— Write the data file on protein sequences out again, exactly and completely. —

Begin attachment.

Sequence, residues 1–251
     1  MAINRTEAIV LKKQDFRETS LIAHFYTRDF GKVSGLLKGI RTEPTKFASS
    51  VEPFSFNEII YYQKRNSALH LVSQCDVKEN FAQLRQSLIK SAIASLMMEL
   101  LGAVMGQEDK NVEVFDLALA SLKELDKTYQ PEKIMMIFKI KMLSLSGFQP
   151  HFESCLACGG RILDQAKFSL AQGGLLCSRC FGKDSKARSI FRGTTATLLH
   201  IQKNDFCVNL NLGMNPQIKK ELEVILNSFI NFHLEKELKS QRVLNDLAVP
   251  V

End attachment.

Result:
Sequence, residues 1–251
     1  MAINRTEAIV LKKQDFRETS LIAHFYTRDF GKVSGLLKGI RTEPTKFASS
    51  VEPFSFNEII YYQKRNSALH LVSQCDVKEN FAQLRQSLIK SAIASLMMEL
   101  LGAVMGQEDK NVEVFDLALA SLKELDKTYQ PEKIMMIFKI KMLSLSGFQP
   151  HFESCLACGG RILDQAKFSL AQGGLLCSRC FGKDSKARSI FRGTTATLLH
   201  IQKNDFCVNL NLGMNPQIKK ELEVILNSFI NFHLEKELKS QRVLNDLAVP
   251  V